Maintaining this integrity will assist user agents such as Assistive Technologies understand and successfully interact with the DOM or other user agent structures, [ref]. This means that a dynamic widget which is semantically structured to be accessible on a page load, will when responding to user interaction/input have to maintain its semantic structure as scripting or other dynamic events are applied and the widget content/structure is altered, in order to be considered conforming html.
This example is applicable to processes such as a checking out cart, or in mashup type applications and semantic integrity will help to maintain the interoperability of application/document structures as well as facilitate a more consistent user experience. **
- Examples of where this kind of mutation or dynamically altered content can impact on the user can be found in WCAG."
</sample spec text>
Josh to file bug for this Bug 13444
Related WCAG SC, Fails etc
- **SC 2.4.5: note wcag reference to dynamic processes 
- F76: Failure of Success Criterion 3.2.2 due to providing instruction material about the change of context by change of setting in a user interface element at a location that users may bypass(context change in an interface) 
- G13: Describing what will happen before a change to a form control that causes a change of context to occur is made. 
discuss, send to WCAG
3.2.5 Content models 
Issues and Concerns
The SVG content model VENN diagram needs to be made accessible [content-venn.svg].
- Issues – On focus the SVG diagram container is just announces as ‘Frame 0’. This is in breach of WCAG as the frame needs a suitable title that describes the diagram such as @longdesc or ARIA describedby.
Also the SVG diagram isn’t keyboard accessible, the descriptions of each of the nodes only appear on mouse over events. They should also be able to be triggered via the keyboard.
The fallback diagram ‘content-venn.png’ for where SCG is un-supported etc also needs alternate text to be applied in a way that is accessible. It currently isn’t, as the alternate text of the .png document is not announced when the diagram is parsed by Assistive Technology.
Josh to file bug with help from SVG experts Bug 13447 pinged Chaals
SVG uses the new event set provided in DOM 2 [DOM2], which supports device-independent interactive content. This allows authors of SVG to ensure that interactive content does not rely on a user having a particular type of device. Good authoring practice will normally use the focusin, focusout and activate events rather than the device specific events for gaining and losing the focus on an element or activating the element. Device-independent scripting is required by Web Content Accessibility Guidelines [WCAG10] checkpoints 9.3 and 6.4.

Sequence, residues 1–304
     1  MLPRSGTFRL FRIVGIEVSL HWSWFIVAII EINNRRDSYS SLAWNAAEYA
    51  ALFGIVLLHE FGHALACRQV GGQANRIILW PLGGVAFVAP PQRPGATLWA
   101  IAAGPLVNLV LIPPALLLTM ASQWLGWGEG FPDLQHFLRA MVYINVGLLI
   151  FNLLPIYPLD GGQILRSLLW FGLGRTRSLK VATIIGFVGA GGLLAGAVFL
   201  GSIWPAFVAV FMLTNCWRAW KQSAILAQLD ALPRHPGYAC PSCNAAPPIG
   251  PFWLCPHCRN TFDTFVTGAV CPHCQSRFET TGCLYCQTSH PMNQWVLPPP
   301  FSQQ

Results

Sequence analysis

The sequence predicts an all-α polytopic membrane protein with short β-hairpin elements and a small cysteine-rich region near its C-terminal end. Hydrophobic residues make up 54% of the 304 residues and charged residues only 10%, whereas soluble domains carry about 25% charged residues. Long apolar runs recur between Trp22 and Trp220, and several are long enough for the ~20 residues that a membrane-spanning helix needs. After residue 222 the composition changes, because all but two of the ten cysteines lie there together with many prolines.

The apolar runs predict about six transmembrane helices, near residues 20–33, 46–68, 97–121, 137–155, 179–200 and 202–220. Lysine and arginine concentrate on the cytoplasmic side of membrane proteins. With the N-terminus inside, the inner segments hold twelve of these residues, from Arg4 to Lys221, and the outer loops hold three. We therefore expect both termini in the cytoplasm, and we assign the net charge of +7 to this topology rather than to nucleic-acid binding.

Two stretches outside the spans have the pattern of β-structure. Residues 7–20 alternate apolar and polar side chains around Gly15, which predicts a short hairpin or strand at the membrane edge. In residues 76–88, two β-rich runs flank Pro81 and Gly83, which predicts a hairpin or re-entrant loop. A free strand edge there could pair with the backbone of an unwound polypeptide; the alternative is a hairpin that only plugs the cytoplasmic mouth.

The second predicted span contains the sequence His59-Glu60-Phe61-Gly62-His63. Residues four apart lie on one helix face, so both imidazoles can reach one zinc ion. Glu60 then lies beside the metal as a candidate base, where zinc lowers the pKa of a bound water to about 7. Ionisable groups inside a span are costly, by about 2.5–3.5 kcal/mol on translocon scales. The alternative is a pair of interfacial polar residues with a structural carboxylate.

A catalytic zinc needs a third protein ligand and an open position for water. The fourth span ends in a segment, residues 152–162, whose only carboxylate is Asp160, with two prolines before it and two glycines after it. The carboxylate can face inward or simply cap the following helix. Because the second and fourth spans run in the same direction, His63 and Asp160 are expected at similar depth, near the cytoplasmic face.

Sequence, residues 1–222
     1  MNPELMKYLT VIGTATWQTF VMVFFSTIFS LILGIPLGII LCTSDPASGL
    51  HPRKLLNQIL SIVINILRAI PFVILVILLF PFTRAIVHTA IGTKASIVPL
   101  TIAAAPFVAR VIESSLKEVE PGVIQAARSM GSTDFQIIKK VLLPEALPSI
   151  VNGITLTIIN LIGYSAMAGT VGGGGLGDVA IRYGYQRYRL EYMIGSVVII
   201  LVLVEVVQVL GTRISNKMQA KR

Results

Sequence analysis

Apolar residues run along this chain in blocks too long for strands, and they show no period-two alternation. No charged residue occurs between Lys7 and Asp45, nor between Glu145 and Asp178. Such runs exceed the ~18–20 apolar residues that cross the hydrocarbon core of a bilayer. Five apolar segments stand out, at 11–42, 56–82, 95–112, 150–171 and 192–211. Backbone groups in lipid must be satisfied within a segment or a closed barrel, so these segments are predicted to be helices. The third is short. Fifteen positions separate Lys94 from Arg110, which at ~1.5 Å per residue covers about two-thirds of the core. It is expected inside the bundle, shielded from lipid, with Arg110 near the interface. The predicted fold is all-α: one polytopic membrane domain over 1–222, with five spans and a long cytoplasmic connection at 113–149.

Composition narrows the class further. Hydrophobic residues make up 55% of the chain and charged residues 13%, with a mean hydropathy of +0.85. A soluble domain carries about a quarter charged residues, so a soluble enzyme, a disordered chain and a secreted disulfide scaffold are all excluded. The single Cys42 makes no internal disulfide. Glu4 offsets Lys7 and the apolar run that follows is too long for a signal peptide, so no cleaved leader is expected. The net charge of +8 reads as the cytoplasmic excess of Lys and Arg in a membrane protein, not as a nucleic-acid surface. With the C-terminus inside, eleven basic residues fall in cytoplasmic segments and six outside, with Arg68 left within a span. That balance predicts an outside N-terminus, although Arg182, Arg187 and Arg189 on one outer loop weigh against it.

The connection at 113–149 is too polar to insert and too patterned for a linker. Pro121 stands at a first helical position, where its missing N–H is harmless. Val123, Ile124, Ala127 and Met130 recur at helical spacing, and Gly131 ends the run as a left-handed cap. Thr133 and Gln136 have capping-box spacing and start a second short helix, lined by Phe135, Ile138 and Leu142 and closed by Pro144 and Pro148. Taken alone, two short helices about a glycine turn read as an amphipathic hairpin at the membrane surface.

Metadata Content/ Other notes
The description of that ‘Metadata Content’ is ‘out of band’ is rather vague. It is outlined as ‘[…] content that sets up the presentation or behavior of the rest of the content, or that sets up the relationship of the document with other documents, or that conveys other "out of band" information”. Whats does ‘out of band’ mean?
For example, this doesn’t tally with the editors stance that accessibility related semantics such as @summary is hidden ‘metadata’ or ‘out of band’. The summary attribute doesn’t come under the umbrella of ‘[..] behavior of the rest of the content, or that sets up the relationship of the document with other documents, or that conveys other "out of band" information’.
As the @summary on a complex data table can be currently easily used by users of Assistive Technology such as screen readers, and added by content authors how is this content, by inference, - ‘out of band’. It could be argued that the summary attribute relates to ‘presentation’ of content but it could equally be stated that so does the use of heading elements, list items etc but none of these elements are labeled as ‘metadata’. So there is a disconnect here and a lack of consistency about what is or isn’t ‘metadata’ and the inference that @summary is ‘out of band’.
Fallback Content 
The definition of what Fallback content is needs to be clearer, as well as how it varies depending on context.
For example, <object> has a fallback model via being "transparent", but <embed> lacks this there's confusion among authors about when to use <embed> and when to use <object>.
Also whether fallback content as supported by <object> is browser support fallback or accessibility alternative fallback these are two separate use cases, even though sometimes they get confused / blended as defined currently in the spec, the fallback for object is for browser support and does not address accessibility.
This confusion lead the bug triage sub team us to conclude that both <embed> and <object> do not have accessibility fallback mechanisms at the moment.
This issue turns out to be represented by Bug 8885. It’s current status (as of 20/6/11 is RESOLVED NEEDSINFO)
discuss, relates to bug 8885 which needs to be revived